Davis was nominated for a Best Actress Oscar for the obvious showy role of Jane while Crawford did not get a nod for her more restrained but equally effective role as Blanche. Far be it from me to make excuses for the Academy, but the Best Actress category for 1962 was a jammed pack group filled with superb performances. Along with Davis there were Lee Remick for “The Day of Wine and Roses”, Katherine Hepburn for “Long Day’s Journey Into Night”, Geraldine Page for “Sweet Bird of Youth” and Anne Bancroft for “The Miracle Worker.” Still, Crawford’s performance was extremely effective and deserved some recognition and she was not about to let her lack of a nomination stop her from outshining Davis on the night of the ceremony.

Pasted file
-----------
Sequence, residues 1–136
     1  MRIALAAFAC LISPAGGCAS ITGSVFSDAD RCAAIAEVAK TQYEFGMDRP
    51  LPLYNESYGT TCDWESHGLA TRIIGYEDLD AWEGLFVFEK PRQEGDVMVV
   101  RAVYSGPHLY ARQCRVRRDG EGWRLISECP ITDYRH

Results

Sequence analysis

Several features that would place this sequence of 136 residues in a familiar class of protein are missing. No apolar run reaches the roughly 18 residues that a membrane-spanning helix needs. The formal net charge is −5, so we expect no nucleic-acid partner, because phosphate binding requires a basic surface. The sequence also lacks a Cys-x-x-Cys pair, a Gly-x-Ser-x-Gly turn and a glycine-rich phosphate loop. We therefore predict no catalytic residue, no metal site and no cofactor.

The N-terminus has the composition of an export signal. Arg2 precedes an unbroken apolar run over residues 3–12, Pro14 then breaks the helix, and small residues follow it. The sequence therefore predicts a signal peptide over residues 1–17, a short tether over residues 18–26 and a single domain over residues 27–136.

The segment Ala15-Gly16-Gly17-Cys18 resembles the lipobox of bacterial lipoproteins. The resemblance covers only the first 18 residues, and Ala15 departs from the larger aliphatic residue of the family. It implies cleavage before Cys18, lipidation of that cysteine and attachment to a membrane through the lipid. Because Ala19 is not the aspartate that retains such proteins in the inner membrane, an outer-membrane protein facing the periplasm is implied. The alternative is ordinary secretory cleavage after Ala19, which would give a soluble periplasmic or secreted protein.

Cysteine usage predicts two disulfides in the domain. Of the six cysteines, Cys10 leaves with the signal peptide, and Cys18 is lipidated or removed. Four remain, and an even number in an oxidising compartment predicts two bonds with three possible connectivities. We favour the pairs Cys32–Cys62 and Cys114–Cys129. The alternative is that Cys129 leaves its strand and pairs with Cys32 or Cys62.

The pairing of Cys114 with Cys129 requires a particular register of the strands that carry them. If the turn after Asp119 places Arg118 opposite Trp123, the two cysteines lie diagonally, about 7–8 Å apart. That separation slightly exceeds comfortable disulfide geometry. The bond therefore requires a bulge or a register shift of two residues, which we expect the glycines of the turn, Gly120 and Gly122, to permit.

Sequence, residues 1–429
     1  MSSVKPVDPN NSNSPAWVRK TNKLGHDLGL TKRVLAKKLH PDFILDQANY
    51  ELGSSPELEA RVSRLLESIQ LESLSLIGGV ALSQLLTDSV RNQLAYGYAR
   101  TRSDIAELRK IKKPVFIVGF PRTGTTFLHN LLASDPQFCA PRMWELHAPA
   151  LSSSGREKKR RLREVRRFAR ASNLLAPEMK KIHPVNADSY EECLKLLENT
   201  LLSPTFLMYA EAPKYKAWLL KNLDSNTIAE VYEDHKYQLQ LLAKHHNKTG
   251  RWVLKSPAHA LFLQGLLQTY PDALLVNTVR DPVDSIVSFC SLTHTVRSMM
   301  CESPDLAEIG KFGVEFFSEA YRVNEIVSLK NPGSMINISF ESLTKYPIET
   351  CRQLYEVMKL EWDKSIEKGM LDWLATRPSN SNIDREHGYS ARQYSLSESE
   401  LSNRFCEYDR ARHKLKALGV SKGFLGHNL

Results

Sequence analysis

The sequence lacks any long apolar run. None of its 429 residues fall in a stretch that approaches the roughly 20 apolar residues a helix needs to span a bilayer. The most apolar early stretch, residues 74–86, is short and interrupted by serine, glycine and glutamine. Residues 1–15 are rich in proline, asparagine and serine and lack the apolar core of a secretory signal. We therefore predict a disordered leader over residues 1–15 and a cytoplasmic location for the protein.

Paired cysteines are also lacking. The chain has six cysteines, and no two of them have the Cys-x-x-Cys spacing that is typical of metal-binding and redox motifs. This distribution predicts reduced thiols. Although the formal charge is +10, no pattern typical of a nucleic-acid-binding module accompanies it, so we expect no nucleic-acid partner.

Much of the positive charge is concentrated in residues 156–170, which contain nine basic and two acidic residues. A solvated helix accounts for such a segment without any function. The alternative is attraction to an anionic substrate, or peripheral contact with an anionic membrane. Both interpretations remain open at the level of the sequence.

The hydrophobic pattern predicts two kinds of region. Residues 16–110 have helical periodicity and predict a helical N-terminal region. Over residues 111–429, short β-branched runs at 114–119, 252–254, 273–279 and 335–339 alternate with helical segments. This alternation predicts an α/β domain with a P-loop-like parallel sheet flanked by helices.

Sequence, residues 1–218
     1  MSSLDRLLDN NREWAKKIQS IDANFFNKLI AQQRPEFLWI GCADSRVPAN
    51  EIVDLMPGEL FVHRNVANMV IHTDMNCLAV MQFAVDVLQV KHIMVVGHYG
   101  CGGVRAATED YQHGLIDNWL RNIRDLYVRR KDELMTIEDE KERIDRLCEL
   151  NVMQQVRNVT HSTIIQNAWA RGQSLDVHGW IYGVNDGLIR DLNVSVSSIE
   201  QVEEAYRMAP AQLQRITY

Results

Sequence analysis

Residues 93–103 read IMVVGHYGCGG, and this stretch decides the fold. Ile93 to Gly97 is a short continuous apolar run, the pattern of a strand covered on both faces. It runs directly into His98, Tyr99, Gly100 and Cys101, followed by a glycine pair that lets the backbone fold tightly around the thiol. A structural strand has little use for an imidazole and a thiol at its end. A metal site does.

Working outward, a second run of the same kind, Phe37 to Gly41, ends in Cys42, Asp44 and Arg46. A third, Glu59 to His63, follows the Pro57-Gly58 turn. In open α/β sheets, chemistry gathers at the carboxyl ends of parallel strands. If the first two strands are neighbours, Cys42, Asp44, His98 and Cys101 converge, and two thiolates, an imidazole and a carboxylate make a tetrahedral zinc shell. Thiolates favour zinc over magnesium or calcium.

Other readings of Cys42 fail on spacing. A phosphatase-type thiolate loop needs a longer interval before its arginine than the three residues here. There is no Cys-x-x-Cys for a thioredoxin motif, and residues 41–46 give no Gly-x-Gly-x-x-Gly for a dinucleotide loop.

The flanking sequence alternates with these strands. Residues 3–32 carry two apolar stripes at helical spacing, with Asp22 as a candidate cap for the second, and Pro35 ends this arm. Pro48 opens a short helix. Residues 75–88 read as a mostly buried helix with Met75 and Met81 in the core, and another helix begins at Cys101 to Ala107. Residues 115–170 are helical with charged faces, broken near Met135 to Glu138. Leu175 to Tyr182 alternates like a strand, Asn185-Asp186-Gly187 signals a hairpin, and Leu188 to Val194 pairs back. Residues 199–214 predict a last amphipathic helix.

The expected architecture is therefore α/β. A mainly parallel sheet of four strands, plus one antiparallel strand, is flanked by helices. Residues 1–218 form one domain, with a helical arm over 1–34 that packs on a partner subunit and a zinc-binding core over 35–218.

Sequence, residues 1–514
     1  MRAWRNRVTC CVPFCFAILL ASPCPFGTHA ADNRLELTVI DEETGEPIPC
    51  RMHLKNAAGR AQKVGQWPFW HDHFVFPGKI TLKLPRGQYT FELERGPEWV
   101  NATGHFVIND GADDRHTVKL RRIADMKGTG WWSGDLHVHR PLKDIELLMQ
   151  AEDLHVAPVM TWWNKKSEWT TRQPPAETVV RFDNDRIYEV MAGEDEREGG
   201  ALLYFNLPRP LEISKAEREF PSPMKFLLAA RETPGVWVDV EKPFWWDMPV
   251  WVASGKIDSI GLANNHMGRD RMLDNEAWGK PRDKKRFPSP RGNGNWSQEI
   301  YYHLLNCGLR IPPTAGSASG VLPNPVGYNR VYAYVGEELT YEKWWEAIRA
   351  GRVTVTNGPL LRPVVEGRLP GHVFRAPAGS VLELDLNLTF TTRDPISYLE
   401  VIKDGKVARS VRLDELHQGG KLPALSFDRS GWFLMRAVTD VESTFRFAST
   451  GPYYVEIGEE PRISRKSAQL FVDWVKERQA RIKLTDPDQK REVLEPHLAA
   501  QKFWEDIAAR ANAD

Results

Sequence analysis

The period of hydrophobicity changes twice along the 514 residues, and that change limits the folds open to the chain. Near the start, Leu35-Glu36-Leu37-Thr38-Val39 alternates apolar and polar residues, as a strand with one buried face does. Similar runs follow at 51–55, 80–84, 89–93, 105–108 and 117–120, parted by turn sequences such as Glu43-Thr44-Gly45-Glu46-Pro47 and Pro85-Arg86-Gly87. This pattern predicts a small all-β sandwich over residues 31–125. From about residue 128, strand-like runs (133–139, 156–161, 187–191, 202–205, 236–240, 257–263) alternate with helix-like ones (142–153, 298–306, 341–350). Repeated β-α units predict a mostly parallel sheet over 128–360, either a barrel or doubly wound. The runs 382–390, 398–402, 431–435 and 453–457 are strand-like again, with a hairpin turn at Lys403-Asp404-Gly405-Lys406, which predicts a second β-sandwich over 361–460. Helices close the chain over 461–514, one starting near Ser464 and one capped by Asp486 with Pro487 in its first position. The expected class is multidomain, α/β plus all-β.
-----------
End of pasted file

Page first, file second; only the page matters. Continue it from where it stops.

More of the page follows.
Bette Davis was positive she was going to win, adding a third statue to the two she already had. Crawford meanwhile had called all the other nominees mentioning to them that she would be available, on the chance they could not attend the gala, to accept the Oscar on their behalf. As it turned out, Anne Bancroft was unable to attend. When it was time to announce the Best Actress award, Davis was about to receive not one but two shocks. Anne Bancroft was announced the winner and accepting the award for her would be Joan Crawford! Crawford slid by Davis mumbling excuse me and walked up to receive the award basking in the limelight and attention. In Witney Stine’s book “I’d Love to Kiss You…Conversations with Bette Davis,” Davis says, “She pushed me aside backstage, and the triumphant look she gave me as she pranced around out on the stage, I’ll never forget…” She then adds, “She carted that Oscar around for a long time on her Pepsi tour, before she finally gave it to Bancroft.” Charlotte Chandler in her Joan Crawford biography, “Not The Girl Next Door” plays down the Oscar event calling Joan’s arranging to receive Bancroft’s Oscar, “a constructive approach.”